contexts. The displacement variable may take

both positive and negative values. In

experiments on oscillations, the displacement

is measured for different times.

The displacement can be represented by a

mathematical function of time. In case of periodic

motion, this function is periodic in time. One of

Fig. 14.2(a) A block attached to a spring, the other

end of which is fixed to a rigid wall. The the simplest periodic functions is given by

block moves on a frictionless surface. The f (t) = A cos ωt (14.3a)

motion of the block can be described in

If the argument of this function, ωt, is

terms of its distance or displacement x

from the wall.

increased by an integral multiple of 2π radians,

OSCILLATIONS 339

function f (t ) is then periodic and its period, T,

= 2 sin [ω (t + 2π/ω) + π/4]

is given by The periodic time of the function is 2π/ω.

2π (ii) This is an example of a periodic motion. It

T= (14.3b)

ω can be noted that each term represents a

Thus, the function f (t) is periodic with period T, periodic function with a different angular

frequency. Since period is the least interval

f (t) = f (t+T ) of time after which a function repeats its

The same result is obviously correct if we value, sin ωt has a period T 0= 2π/ω ; cos 2 ωt

consider a sine function, f (t ) = A sin ωt. Further, has a period π/ω =T0/2; and sin 4 ωt has a

a linear combination of sine and cosine functions period 2π/4ω = T0/4. The period of the first

like, term is a multiple of the periods of the last

f (t) = A sin ωt + B cos ωt (14.3c) two terms. Therefore, the smallest interval

is also a periodic function with the same period of time after which the sum of the three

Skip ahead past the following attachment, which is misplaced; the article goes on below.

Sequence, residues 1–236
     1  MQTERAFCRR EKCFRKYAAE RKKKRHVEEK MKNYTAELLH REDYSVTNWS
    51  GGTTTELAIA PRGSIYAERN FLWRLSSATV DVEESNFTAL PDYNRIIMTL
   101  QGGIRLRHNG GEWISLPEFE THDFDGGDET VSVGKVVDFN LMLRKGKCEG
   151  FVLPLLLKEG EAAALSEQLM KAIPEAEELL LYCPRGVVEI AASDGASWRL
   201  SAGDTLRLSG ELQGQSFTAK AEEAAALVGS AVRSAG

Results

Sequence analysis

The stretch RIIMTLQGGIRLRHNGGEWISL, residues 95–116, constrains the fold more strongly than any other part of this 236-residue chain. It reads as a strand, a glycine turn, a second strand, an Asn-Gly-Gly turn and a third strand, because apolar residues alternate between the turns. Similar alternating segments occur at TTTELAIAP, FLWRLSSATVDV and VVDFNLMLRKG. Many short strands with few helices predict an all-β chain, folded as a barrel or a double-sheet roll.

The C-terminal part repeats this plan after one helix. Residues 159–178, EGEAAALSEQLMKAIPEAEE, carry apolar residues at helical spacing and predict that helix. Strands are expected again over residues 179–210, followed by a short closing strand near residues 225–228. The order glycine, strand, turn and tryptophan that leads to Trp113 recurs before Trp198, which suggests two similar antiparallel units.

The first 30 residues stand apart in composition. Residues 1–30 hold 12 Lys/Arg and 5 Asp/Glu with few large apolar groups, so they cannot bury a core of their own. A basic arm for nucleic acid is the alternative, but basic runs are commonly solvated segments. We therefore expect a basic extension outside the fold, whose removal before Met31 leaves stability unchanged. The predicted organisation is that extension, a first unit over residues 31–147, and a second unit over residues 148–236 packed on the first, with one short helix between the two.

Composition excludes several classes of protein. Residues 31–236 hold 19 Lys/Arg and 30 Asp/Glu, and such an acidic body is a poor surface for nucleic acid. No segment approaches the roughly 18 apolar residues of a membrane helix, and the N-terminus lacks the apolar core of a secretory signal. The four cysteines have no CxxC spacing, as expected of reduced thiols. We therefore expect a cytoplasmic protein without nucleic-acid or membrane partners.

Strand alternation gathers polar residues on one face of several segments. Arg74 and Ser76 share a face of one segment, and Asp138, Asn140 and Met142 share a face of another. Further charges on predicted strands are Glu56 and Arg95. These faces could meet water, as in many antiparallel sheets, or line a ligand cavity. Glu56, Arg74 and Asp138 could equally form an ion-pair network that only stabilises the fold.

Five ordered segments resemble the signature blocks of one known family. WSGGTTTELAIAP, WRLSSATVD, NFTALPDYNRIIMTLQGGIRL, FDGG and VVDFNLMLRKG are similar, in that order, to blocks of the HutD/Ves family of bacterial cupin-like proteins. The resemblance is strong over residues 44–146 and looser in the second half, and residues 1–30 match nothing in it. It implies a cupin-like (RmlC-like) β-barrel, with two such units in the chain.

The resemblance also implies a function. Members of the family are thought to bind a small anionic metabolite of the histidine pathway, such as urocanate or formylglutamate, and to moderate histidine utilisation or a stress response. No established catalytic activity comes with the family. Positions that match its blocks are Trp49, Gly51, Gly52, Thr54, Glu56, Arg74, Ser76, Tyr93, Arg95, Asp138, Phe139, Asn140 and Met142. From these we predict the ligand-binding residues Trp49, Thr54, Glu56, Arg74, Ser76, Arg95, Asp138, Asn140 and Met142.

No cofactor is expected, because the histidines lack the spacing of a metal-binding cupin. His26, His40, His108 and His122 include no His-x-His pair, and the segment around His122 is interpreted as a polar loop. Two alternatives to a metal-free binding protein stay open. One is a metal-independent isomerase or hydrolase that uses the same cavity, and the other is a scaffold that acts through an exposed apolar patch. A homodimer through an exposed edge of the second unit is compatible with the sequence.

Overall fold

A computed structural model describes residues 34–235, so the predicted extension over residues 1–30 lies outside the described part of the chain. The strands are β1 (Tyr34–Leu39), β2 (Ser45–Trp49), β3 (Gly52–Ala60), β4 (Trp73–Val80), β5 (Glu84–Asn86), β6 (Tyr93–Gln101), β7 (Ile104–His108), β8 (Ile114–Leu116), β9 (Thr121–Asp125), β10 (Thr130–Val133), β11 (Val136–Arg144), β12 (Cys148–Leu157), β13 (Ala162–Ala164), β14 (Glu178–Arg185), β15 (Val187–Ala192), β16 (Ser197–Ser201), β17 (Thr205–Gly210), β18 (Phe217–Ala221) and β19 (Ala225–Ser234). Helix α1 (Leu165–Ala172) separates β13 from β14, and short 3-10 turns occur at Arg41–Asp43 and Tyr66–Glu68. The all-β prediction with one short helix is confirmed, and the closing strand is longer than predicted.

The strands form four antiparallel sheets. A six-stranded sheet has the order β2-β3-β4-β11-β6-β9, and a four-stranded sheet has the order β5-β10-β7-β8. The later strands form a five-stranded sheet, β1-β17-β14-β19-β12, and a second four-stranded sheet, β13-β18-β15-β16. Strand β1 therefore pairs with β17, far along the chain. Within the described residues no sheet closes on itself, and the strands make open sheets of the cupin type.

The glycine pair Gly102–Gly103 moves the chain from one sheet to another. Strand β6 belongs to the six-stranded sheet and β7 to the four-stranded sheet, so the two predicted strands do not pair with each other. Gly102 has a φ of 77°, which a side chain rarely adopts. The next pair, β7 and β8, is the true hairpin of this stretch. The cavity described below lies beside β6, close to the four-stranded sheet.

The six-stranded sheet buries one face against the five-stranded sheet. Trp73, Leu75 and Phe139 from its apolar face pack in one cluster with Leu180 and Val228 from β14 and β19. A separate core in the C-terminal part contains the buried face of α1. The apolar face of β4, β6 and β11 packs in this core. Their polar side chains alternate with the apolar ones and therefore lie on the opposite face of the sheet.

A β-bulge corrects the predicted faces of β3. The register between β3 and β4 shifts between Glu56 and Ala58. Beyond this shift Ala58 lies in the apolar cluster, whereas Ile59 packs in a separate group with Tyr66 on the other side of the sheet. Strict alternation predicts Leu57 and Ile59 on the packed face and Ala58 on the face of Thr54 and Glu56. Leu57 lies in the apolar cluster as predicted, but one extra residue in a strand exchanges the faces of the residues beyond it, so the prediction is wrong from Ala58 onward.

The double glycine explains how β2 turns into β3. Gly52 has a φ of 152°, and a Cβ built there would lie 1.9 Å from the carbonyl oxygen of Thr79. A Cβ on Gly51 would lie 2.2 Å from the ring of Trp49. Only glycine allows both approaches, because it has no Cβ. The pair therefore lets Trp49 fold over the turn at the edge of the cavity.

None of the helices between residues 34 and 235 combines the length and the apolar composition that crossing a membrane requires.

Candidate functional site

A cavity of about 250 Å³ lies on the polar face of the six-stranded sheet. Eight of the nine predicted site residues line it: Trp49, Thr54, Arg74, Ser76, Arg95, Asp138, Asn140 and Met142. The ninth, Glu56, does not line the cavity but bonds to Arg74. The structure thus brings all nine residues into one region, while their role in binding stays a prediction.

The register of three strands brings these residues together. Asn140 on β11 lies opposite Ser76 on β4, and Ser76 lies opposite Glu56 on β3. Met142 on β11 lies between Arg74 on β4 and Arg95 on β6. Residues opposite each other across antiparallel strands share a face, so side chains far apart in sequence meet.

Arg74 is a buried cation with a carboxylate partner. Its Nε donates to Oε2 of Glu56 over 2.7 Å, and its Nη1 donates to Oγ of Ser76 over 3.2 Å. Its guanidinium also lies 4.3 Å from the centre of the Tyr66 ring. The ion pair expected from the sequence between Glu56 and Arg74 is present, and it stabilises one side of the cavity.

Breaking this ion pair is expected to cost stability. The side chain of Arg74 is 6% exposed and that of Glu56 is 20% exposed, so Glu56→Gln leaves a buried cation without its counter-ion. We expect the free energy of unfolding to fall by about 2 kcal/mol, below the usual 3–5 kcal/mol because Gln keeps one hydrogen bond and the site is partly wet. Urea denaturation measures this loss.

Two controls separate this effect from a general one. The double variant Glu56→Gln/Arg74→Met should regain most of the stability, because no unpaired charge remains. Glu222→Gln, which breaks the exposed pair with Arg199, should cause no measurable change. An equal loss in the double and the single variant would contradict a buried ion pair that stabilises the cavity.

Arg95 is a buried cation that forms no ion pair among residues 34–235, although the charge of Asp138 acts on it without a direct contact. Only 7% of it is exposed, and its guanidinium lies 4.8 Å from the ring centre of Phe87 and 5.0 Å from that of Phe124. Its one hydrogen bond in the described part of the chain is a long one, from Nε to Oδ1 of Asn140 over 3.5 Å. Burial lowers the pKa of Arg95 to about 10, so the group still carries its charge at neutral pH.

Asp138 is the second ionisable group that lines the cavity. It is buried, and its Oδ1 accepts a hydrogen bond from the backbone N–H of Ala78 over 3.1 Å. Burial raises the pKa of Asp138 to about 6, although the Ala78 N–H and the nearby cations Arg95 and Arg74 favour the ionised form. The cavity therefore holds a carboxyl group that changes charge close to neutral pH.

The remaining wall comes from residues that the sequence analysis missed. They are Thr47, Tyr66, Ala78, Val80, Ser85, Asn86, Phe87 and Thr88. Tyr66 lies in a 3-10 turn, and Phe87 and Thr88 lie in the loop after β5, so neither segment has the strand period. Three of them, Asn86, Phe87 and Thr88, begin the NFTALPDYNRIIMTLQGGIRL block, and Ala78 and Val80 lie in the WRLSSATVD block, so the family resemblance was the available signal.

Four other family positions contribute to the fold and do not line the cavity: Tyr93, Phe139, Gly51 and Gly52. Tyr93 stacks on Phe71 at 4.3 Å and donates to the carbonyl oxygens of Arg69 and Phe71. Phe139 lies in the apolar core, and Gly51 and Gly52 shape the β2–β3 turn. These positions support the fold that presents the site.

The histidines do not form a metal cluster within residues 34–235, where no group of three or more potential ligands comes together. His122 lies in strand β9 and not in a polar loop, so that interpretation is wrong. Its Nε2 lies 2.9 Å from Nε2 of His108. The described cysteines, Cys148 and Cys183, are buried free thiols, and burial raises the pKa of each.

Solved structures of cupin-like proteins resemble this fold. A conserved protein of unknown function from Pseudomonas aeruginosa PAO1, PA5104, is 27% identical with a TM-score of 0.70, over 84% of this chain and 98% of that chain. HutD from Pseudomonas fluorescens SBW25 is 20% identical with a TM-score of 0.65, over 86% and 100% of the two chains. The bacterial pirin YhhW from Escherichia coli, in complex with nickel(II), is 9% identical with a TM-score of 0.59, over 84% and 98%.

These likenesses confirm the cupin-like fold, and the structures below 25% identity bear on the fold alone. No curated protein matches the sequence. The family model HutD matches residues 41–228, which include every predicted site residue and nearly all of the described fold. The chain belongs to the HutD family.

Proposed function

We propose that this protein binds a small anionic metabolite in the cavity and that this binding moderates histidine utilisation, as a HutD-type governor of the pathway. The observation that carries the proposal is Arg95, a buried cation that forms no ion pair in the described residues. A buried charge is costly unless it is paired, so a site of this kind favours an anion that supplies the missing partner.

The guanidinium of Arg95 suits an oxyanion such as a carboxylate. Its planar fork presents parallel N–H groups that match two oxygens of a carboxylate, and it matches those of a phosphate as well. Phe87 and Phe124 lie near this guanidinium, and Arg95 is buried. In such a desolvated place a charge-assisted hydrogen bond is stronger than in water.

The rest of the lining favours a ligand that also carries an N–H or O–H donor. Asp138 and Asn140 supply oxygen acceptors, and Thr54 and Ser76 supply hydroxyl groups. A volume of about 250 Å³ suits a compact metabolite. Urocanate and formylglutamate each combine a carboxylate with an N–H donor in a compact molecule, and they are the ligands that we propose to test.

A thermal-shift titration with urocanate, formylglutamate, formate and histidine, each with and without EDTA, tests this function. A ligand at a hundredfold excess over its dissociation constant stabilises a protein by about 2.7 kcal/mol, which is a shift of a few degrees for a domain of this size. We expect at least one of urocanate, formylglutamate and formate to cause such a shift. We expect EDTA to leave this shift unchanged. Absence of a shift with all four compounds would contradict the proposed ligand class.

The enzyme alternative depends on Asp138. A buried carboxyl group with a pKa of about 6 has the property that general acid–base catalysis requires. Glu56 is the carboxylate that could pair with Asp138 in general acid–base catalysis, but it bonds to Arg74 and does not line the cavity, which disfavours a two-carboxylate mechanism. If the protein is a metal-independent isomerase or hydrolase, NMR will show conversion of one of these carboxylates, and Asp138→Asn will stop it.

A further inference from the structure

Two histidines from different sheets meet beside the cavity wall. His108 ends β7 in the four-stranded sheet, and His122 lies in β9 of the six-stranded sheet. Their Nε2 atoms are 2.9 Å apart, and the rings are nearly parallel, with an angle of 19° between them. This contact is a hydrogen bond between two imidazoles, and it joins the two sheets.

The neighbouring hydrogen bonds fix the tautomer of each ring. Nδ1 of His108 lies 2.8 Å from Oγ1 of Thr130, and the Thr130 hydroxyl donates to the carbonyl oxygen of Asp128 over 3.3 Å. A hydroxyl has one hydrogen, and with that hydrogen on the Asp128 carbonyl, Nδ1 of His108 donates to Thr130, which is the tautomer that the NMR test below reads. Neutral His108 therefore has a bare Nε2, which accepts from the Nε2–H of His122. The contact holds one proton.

T. Taking, terms repeats is T0, and thus the sum is a

periodic function with a period 2π/ω.

A = D cos φ and B = D sin φ

(iii) The function e – ωt is not periodic, it

Eq. (14.3c) can be written as, decreases monotonically with increasing

f (t) = D sin (ωt + φ ) , (14.3d) time and tends to zero as t →∞ and thus,

never repeats its value.

Here D and φ are constant given by

(iv) The function log( ωt) increases mono-

B tonically with time t. It, therefore, never

D = A 2 + B 2 and tan–1 repeats its value and is a non-periodic

A

function. It may be noted that as t → ∞,

The great importance of periodic sine and log(ωt) diverges to ∞. It, therefore, cannot

cosine functions is due to a remarkable result represent any kind of physical

proved by the French mathematician, Jean displacement.

Baptiste Joseph Fourier (1768-1830): Any 14.3 SIMPLE HARMONIC MOTION

periodic function can be expressed as a

superposition of sine and cosine functions Let us consider a particle vibrating back and

of different time periods with suitable forth about the origin of an x-axis between the

coefficients. limits +A and –A as shown in Fig. 14.3. In

between these extreme positions the particle

Example 14.2 Which of the following

functions of time represent (a) periodic and